The authors’ main argument rests on the assessment that Clinton did not enter his presidency with a veiled neoliberal agenda. On the contrary, coming from rural and impoverished Arkansas, he set out with a broad policy program and various initiatives to transform key industries and increase the productivity of capital and labor, which would ultimately improve the lives of ordinary people. But Clinton’s infamous phrase “the era of big government is over,” which echoes a core Republican Party principle, suggests otherwise. Over the course of four parts, each consisting of three chapters, Stein and Lichtenstein chronicle Clinton’s evolution from endorsing a progressive, activist government focused on the management of capitalism to the full embrace and adherence to an ideology that deregulates finance, trade, and markets, privatizes government services, and exacerbates class (not to mention racial) inequalities. In a rich and detailed account, they convincingly illustrate the how and why of this ideological transformation.

In the first part, they examine his political ascent as a progressive governor in Arkansas and the shaping influence of that state, where he already faced a conundrum between state authority, governability, and capitalist power – in this case Walmart – that would foreshadow what was to come on the national stage. But as Stein and Lichtenstein argue, his campaign and victory in 1992 were built on a vision of regulated capitalism that would require government policies and investment in a highly skilled workforce and a technologically advanced “new economy” to assert the U.S.’s rightful place in an increasingly competitive post-Cold War world order. With the collapse of the Soviet Union and subsequently socialism attention returned to the “varieties of capitalism”. As the authors show, Clinton, his close advisors who became top officials, namely Robert Reich, Ira Magaziner, or Laura Tyson, and other “Friends of Bill” embraced a version of capitalism modeled on the corporatist regimes of Germany or Japan. In their view, the economic transformations of what Daniel Bell postulated a post-industrial society, such as the decline of manufacturing, the rise of the service sector, or the flight of capital offshore, that had been underway since the 1980s and was inevitable, could only be contained by a central authority.7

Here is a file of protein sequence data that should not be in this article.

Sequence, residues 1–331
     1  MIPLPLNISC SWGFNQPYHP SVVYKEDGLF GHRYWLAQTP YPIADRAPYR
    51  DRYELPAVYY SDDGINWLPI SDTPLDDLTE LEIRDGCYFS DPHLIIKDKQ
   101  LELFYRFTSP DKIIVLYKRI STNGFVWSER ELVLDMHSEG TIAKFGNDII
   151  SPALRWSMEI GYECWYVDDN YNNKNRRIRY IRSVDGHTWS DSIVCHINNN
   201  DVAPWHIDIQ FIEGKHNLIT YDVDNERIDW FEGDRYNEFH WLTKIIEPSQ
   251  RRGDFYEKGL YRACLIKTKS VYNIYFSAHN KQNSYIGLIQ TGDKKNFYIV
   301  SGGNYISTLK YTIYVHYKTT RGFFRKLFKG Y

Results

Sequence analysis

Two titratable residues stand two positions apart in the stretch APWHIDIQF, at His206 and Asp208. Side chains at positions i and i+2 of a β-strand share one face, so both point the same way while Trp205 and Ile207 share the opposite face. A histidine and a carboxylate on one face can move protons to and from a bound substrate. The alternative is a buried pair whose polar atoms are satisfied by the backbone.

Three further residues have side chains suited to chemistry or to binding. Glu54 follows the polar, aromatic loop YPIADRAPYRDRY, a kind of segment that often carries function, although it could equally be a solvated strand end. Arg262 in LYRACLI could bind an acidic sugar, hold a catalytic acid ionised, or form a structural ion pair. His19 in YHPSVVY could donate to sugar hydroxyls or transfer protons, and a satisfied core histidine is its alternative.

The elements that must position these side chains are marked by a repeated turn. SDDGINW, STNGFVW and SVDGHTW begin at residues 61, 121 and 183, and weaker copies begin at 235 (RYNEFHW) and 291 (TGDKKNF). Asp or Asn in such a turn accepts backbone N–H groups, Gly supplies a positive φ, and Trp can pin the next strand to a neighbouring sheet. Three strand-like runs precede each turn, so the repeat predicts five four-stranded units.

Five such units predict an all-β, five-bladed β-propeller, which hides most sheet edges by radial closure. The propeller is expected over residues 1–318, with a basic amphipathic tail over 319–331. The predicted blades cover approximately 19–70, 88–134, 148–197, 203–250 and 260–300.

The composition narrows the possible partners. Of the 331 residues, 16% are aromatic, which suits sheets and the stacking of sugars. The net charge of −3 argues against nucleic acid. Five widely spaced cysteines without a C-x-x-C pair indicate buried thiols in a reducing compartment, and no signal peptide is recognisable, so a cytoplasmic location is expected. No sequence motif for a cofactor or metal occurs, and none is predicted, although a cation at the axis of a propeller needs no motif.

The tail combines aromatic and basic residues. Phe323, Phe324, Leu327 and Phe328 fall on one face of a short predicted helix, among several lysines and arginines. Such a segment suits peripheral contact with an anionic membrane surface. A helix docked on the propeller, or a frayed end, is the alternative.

With this vision of market management in mind, Clinton embarked on his first term first on a health care reform that promised universal acclaim and sought to fulfill the legacy of the New Deal, and second on trade regulations with Japan. The authors devote part two of the book to these endeavors and their tragic failures.

Part three deals more extensively with the larger economic scheme including the new economic strategy toward free trade regimes, most famously with Mexico in the form of NAFTA, but also with other countries such as China. Although NAFTA was negotiated during the Bush administration, it was Clinton who pushed the highly controversial trade agreement through Congress. Clinton’s endorsement of such trade regimes, the authors explain, built on his conviction that democratic markets and business interests would also promote a free society based on democratic values and principles in the countries concerned and moreover would raise the incomes of U.S. citizens and protect their jobs. A vast and consequential miscalculation, as Stein and Lichtenstein point out since these unleashed trade regulations destroyed U.S. manufacturing jobs, increased inequality, and ultimately alienated the Democratic Party’s base and working-class voters for good.